David Friedman, nominee for Israel Ambassador, prayed at the Rebbe's Ohel before his Senate confirmation hearing.
By COLlive reporter
On Sunday, bankruptcy attorney David Friedman was seen driving through the quiet streets of the Cambria Heights neighborhood in southeast Queens, NY.
His destination was the Ohel gravesite of the Rebbe at the Old Montefiore Cemetery.
His mission: To pray and ask for blessings and guidance ahead of his confirmation hearing before the Senate Foreign Relations Committee to become the U.S. ambassador to Israel.
Joining him for this private trip was his learning partner, Rabbi Zalman Wolowik, Director of Chabad of the Five Towns in Long Island. The two have been close even before Friedman was nominated by his new boss, now-president Donald Trump.
Friedman can certainly use all the prayers he can get for his debut in Washington, DC.
On Thursday, Friedman faced a stern group of senators who grilled him on his past statements that he made against leftist Jewish groups who have been fighting the Israeli government and its policies.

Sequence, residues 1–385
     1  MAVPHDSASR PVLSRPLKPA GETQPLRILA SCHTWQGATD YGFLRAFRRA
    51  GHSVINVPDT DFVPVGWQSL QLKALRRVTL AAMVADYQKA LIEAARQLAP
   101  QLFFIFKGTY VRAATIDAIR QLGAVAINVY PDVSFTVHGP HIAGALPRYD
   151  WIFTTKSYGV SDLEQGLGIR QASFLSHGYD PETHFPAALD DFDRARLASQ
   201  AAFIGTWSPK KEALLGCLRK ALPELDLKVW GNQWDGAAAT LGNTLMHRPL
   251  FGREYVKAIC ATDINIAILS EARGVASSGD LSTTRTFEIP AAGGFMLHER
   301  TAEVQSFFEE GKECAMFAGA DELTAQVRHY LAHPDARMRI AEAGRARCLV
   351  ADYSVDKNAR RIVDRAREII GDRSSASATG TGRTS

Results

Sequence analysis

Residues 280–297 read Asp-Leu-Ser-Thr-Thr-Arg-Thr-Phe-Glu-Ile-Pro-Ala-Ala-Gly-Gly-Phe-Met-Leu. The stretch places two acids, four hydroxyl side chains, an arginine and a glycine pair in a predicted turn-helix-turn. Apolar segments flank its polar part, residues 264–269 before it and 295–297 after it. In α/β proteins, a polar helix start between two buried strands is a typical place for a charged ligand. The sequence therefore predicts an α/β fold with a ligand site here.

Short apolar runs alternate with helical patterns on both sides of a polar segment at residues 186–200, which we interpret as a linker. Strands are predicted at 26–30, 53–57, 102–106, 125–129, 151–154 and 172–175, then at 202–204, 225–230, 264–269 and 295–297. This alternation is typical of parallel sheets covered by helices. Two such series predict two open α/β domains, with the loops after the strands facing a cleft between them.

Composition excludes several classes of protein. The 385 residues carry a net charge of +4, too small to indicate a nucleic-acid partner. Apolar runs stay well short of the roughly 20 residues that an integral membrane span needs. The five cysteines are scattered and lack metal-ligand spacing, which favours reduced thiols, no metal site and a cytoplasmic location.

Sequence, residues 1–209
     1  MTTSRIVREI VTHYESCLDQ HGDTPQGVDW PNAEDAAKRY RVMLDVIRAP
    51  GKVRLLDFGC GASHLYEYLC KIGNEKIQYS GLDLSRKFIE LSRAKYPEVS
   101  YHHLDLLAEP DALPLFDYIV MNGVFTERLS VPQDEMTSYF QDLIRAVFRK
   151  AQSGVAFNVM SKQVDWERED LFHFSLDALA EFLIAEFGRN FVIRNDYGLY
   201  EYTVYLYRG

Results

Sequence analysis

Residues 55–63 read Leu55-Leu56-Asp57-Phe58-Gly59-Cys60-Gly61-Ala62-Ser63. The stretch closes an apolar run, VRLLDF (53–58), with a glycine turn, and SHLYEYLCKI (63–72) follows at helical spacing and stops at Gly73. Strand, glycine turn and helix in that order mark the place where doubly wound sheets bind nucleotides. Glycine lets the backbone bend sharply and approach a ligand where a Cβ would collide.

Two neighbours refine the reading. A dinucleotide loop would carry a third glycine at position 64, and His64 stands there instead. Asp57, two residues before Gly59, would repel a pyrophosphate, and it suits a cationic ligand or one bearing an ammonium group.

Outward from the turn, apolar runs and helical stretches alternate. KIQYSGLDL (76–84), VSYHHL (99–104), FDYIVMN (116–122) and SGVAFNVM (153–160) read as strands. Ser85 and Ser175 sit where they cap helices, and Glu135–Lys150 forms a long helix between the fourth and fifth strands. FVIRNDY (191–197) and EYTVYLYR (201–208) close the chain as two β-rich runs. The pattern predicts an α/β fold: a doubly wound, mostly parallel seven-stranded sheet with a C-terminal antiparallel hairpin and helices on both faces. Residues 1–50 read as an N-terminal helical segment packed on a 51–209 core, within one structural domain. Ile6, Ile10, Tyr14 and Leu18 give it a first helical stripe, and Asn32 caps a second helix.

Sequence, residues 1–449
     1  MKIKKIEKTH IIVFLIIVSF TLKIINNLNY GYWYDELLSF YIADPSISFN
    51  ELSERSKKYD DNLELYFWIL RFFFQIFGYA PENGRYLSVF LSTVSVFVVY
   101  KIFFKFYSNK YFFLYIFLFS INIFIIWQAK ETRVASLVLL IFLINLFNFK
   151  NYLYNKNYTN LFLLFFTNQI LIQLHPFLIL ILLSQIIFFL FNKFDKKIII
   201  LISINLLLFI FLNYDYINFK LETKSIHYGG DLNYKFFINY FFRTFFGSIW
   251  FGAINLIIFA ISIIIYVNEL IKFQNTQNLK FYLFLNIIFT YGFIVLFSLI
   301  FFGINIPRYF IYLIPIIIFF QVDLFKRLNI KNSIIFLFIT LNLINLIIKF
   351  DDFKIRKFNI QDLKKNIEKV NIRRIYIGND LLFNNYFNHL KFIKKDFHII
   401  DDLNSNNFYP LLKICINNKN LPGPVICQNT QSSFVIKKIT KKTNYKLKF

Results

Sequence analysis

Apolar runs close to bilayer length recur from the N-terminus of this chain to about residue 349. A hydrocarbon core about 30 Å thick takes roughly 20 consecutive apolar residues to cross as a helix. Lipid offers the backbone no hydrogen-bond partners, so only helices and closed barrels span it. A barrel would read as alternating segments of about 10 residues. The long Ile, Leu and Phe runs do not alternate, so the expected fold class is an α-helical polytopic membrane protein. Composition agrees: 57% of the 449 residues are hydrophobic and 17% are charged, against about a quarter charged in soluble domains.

"Apology is the first step to atonement," Friedman said, expressing regret for the inflammatory language, and promised to be "respectful and measured" should he be confirmed.
The son of an Orthodox rabbi, Friedman has been a fervent supporter of Israeli settlements, an opponent of Palestinian statehood and staunch defender of Israel's government, AP reported.
The hearing played out along familiar party lines. Republicans largely sought to play to the Trump nominee's strengths, while Democrats aimed for weak spots, AP reported.
If that wasn't enough, Friedman faced repeated heckling by protesters sitting in the crowd, who took turns interrupting the nominated ambassador's opening statements about his family and values.
Two men, minutes apart, stood and shouted pro-Palestinian slogans, AP repored. They each held up Palestinian flags before being removed by the Capitol police. Other protesters sang before being ushered out. One blasted a "shofar."
Friedman's family members, Rabbi Wolowik, and other members of the Five Towns Jewish community were in the crowd, offering him support before and after the hearing.